FOR IMMEDIATE RELEASE: June 26, 2018
Contact: Hannah McIntire, email@example.com, 718-643-8000 ext. 23
The Arab-American Family Support Center Stands in Solidarity with Those Affected by the SCOTUS’ Travel Ban Ruling
New York, June 26, 2018: It is with the utmost concern that we share the disheartening news that the Supreme Court has ruled in favor of upholding the Travel Ban, also known as the Muslim Travel Ban. This decision will deny entry to many people from the following eight countries: Iran, Yemen, Syria, Sudan, Venezuela, North Korea, Somalia, and Libya. Over 350 million individuals will be affected by this decision, many of whom identify as Muslim. It also continues to create a climate of mistrust and hostility towards segments of our population who are otherwise proud and hard-working Americans.
The Travel Ban proves to be a gross violation of American values and stands in opposition to the principles that the Arab-American Family Support Center stands for. The ban’s exclusionary and discriminatory posture towards large populations, sends a signal of support to those that practice xenophobia, Islamophobia, and bigotry. It also sends a signal to many Americans that are part of the communities it targets. It creates a climate that exacerbates feelings of depression, anxiety, and toxic stress within the respective Arab, Middle Eastern, Muslim, and South Asian (AMEMSA) communities that we serve. A report published and released last week in a press conference at our office by the New York City Commission on Human Rights found that 71% of Muslim, Arab, South Asian and Sikh New Yorkers do not report discrimination, and this finding was confirmed following the Travel Ban.
These are difficult times for people and communities that are already an important part of the fabric of our diverse society. At the Arab-American Family Support Center, we are committed to standing in partnership with our community members to address rising levels of depression and anxiety, and combat the stigma around mental health through initiatives such as our Community Partners in Care (CPIC) initiative, which seeks to refer people of all faiths and backgrounds to culturally-responsive and linguistically-competent mental health professionals. We will have our kickoff meeting for mental health services this week, where we will discuss the mental health crisis exacerbated by xenophobia, Islamophobia, and bigotry in the United States. We will be launching our collaborative care model.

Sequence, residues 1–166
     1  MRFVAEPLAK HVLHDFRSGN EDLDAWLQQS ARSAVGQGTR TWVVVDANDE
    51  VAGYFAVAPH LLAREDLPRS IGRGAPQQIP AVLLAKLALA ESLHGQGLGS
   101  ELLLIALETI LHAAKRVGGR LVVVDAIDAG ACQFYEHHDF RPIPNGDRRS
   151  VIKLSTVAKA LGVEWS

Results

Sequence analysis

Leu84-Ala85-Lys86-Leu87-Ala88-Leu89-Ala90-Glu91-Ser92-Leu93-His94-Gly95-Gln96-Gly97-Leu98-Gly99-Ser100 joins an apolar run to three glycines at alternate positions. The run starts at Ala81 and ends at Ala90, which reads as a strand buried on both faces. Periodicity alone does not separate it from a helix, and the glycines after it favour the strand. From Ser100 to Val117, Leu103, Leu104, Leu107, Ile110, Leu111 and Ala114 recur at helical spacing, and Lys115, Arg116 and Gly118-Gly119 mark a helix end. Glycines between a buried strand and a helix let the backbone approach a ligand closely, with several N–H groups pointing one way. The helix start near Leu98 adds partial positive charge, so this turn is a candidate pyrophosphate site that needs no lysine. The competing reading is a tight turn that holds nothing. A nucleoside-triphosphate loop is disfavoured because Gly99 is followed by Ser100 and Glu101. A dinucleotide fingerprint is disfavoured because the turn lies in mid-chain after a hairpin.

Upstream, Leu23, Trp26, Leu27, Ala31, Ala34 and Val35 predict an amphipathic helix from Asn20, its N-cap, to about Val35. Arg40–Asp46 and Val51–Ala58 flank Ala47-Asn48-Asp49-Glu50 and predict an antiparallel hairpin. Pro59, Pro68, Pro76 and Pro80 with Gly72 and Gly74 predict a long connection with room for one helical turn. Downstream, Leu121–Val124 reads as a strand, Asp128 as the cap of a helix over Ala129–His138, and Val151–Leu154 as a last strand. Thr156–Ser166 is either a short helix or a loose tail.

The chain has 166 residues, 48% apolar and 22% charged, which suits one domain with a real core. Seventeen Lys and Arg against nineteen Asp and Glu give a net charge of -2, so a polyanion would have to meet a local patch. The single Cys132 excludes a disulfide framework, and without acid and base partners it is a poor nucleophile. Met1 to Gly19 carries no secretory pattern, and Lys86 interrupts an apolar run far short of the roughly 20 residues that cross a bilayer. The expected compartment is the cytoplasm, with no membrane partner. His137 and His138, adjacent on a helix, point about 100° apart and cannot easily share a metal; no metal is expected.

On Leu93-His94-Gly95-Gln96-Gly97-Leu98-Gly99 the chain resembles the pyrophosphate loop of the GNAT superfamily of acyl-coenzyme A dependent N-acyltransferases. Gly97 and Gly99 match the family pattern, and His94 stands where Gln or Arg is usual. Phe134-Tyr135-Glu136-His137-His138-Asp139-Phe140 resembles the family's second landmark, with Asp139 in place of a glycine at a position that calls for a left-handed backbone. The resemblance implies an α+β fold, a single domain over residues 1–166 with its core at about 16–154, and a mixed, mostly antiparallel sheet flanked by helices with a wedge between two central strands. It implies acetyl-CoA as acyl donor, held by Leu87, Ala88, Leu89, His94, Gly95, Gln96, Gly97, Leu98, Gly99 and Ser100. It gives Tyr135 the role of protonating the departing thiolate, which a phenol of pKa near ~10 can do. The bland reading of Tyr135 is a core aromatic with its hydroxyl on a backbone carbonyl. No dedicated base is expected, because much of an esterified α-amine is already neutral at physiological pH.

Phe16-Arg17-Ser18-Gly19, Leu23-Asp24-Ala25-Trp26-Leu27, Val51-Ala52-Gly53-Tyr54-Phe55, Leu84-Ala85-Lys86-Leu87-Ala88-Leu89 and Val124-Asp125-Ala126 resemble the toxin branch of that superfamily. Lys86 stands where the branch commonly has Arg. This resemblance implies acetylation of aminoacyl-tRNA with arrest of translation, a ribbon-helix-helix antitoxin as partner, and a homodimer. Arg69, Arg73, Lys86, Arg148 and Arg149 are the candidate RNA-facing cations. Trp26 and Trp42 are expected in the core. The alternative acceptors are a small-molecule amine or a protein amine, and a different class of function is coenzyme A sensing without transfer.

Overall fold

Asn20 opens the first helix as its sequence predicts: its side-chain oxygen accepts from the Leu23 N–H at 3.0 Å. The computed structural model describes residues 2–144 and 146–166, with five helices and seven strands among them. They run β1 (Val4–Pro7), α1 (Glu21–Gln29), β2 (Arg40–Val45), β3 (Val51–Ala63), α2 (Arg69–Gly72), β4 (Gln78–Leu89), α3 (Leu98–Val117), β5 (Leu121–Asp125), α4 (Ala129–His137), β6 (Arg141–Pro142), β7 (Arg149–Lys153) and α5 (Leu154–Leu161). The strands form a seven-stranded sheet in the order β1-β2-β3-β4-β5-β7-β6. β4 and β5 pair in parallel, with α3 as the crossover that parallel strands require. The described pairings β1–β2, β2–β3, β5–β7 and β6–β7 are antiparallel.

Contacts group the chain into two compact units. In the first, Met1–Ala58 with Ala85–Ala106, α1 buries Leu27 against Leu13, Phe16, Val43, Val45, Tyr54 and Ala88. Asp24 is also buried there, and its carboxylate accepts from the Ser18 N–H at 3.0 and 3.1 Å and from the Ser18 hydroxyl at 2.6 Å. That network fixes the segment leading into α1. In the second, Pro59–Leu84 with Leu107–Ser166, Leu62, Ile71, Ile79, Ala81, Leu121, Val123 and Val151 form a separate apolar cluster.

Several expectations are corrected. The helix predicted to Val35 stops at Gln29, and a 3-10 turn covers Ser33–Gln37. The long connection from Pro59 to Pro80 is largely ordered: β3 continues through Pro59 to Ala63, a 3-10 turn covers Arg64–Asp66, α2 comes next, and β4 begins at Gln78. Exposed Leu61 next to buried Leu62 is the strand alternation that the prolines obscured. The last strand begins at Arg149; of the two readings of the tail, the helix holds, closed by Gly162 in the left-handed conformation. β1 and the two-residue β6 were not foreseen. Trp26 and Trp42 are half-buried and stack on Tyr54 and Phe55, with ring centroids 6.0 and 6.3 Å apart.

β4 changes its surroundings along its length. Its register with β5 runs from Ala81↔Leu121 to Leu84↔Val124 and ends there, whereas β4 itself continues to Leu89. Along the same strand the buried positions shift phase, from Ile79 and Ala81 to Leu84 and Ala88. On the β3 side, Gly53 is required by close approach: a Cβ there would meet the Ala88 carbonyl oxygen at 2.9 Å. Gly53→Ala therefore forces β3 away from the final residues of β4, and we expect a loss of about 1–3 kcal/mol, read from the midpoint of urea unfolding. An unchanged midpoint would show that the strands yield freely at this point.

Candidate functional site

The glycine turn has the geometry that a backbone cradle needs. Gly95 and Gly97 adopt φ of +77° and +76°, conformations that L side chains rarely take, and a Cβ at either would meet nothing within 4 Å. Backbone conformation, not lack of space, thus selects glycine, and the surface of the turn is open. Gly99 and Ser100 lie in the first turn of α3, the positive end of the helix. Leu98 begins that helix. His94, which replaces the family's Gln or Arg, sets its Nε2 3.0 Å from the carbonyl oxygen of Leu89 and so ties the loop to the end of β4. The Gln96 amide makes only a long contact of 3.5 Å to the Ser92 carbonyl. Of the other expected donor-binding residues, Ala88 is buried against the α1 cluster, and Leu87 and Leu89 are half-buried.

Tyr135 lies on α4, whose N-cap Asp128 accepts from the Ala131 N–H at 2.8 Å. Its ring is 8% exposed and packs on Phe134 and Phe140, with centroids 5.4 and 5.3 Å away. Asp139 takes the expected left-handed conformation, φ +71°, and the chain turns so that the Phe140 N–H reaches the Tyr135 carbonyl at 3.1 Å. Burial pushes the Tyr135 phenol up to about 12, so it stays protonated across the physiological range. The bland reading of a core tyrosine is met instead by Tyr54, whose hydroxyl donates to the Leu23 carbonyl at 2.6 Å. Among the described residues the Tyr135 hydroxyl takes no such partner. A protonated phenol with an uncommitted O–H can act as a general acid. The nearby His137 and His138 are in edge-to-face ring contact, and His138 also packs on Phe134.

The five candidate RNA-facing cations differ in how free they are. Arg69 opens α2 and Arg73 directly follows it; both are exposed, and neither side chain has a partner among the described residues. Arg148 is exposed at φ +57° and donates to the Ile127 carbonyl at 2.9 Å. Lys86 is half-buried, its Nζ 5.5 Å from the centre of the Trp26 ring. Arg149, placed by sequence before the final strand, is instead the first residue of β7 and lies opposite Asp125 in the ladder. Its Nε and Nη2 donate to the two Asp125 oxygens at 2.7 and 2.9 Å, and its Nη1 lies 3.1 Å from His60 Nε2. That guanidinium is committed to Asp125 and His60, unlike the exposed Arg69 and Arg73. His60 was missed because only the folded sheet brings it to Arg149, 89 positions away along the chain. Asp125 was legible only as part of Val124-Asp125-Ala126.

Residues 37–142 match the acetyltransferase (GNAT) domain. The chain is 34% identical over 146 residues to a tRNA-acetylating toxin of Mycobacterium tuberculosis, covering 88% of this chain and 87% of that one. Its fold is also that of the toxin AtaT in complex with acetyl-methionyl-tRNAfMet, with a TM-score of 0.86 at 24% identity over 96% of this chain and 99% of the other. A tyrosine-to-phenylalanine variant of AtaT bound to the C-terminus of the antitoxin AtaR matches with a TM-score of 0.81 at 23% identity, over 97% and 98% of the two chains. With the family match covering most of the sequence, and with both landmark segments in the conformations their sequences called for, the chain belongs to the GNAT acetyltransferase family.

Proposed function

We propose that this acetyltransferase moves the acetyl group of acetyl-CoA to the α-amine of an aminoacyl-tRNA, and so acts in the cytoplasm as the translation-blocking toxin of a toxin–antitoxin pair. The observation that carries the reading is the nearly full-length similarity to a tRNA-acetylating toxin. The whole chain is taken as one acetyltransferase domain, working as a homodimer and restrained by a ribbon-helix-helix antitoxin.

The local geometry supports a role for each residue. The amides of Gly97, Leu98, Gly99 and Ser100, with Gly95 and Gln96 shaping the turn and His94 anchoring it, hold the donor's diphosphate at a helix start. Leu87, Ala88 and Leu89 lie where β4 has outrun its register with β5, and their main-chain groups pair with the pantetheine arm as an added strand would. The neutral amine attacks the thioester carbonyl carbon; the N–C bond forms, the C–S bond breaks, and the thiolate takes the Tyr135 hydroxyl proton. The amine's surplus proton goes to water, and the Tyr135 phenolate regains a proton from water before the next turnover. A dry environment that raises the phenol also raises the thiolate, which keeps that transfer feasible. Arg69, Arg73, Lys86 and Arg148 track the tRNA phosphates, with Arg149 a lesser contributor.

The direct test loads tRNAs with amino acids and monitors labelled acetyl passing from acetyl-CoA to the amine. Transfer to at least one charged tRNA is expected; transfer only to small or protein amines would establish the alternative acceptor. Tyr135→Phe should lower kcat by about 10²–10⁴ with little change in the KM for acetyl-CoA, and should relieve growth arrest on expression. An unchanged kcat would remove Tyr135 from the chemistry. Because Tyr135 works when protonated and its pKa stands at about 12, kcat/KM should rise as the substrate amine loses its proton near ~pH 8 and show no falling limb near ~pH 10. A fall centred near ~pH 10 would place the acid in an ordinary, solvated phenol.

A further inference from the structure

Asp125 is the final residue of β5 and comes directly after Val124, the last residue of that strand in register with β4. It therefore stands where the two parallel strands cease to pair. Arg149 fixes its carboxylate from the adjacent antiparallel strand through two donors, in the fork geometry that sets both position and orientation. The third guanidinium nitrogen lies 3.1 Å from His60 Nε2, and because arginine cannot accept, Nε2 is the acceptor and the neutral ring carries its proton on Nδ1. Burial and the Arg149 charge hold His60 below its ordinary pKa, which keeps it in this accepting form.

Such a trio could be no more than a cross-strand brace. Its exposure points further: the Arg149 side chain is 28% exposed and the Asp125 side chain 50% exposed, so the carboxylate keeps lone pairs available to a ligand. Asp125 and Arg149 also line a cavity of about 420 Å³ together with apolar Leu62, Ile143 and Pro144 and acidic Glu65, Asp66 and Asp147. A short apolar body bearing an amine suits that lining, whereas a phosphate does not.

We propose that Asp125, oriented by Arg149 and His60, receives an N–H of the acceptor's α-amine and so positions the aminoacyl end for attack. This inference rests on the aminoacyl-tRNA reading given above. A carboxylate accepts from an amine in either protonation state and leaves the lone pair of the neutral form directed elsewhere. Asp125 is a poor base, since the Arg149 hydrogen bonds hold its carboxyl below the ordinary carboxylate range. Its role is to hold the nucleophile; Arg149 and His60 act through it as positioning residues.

AAFSC firmly believes in standing up against Islamophobia and any form of xenophobia, racism, and bigotry. It is in these challenging times that we need to come together more than ever–in compassion and solidarity. Last year, AAFSC joined other activists at JFK airport to advocate for individuals affected by the first iteration of the Muslim Travel Ban. In October, our youth and community members came together to Stomp Out the Ban through an art and dance protest at Brooklyn Borough Hall. With the Supreme Court’s decision today, we will continue to uphold the principles of inclusivity and human rights. AAFSC remains deeply committed to cultivating safe spaces for our community members, allies, and families. We call on all policymakers in every level of government to pass laws that bring families together–not divide them. We call on policymakers and philanthropic organizations to fund programs and organizations that are helping to heal the hurt. Let your funding and contributions speak volume about who we are as a nation–welcoming, compassionate, generous Americans.